- Project Name
- Crook | Cup | Bow | Twist Powder Room
- Project Types
- Single Family
- 27 sq. feet
- Shared by
Entrant,hanley wood, llc
Civil Engineer: Neal Schwartz,Civil Engineer: Neal Schwartz,Interior Designer: Allison Damonte
- Project Status
2015 Residential Architect Design Awards
A unique detail in the exterior wall of this 27-square-foot powder room, just off the entrance to a 4,000-square-foot house in Nicasio, Calif., provides a surprising experience of light while demonstrating how to enhance board-formed concrete. San Francisco–based Schwartz and Architecture employed a master mason to embed 3/4–inch-thick acrylic planks in the house’s thick, cast-in-place concrete south wall. The acrylic pieces run the full width of the wall and are staggered in a pattern that required careful coordination with the structural reinforcement hidden within. During the day, sunlight creates an active light show inside of the tiny utilitarian room. At night, the flow of light is reversed with a timer-activated fixture in the powder room illuminating the acrylic pieces from within, casting a pattern of horizontal light lines on the exterior wall at the entrance to the house. —Edward Keegan, AIA
From the Jury
“The conceptual idea makes this little powder room the fulcrum of the house.” —John Frane
Contractor: Hammond Fine Homes
Project Size: 27 square feet (bath); 4,000 square feet (total)
Construction Cost: $600 per square foot (bath)
This 27 square foot powder room is by far the smallest space in this 3,200 square foot home in Nicasio CA. Where some might restrain themselves from highlighting such a utilitarian space, we elevated this tiny room to one of the most unique spaces in the home. The powder room sits behind a board-formed concrete wall adjacent to the front door of the home. In conjunction with our structural engineer and a master-mason, we developed a way to embed ¾” planks of acrylic into the South facing concrete wall. During the day, the acrylic captures the intense sun (while the concrete keeps the space temperate) creating a vibrant and entirely unexpected light show when one opens the powder room door. From the outside though, the acrylic planks appear simply as dark striations in the concrete. At night though, a timed light inside the bathroom illuminates the backside of the wall and creates a glowing nightlight at the front door.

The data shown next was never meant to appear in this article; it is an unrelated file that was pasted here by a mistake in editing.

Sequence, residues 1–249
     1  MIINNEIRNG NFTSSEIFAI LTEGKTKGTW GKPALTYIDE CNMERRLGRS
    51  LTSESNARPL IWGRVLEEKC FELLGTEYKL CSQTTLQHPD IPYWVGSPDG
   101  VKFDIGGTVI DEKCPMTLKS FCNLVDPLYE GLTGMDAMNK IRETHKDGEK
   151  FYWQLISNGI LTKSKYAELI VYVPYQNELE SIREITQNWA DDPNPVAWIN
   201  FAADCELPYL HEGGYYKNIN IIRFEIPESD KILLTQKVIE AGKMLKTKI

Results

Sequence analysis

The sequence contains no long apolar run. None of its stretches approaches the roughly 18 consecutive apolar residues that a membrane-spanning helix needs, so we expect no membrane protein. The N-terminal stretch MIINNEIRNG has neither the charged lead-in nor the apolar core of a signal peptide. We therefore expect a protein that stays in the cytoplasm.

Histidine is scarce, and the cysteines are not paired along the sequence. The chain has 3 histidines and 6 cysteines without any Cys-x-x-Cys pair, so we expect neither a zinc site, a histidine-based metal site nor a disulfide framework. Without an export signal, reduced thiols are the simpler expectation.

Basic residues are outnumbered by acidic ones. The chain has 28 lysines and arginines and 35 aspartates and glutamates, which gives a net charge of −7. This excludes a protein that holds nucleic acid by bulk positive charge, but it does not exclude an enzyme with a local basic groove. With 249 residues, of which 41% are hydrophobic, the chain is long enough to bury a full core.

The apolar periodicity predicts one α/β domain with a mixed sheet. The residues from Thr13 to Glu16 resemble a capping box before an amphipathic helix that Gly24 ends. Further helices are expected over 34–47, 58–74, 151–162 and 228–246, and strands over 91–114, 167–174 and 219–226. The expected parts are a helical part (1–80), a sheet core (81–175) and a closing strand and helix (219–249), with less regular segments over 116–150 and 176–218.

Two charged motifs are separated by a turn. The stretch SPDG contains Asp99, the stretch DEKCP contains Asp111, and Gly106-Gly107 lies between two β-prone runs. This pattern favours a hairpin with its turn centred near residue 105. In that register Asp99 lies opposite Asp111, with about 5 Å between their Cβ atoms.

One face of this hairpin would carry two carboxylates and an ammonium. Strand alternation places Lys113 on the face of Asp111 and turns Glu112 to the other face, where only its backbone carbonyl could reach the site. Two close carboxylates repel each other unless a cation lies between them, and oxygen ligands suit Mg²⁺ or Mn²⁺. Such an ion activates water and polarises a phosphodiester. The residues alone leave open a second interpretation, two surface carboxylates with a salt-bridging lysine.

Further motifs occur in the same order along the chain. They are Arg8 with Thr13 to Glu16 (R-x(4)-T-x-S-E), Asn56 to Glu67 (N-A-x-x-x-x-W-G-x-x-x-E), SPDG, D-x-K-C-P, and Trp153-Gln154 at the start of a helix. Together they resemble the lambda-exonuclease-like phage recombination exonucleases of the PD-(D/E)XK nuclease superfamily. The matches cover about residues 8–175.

The constraints of board-formed concrete and the sequencing of this type of construction determined a pattern that could both retain the material integrity of the concrete while pushing its limits. In addition, the requirements for the vertical members of rebar created a staggered pattern that suggests a sense of movement; a theme that is carried throughout the project. After several experimental concrete pours, the final detail turned a typical powder room into a design feature that pushes the limits of material and construction and jolts our preconceptions of what lies behind a simple bathroom door. The wall appears to transform -- from solid to penetrable, from tame to wild, from utilitarian to spectacle, from dark and stoic to light-filled and poetic.
The powder room embraces the project’s overall intent; to intensify an awareness of the natural systems that surround us, particularly their tendency towards movement and change, in order to foster a constant desire to move through the building and back out into the surrounding landscape.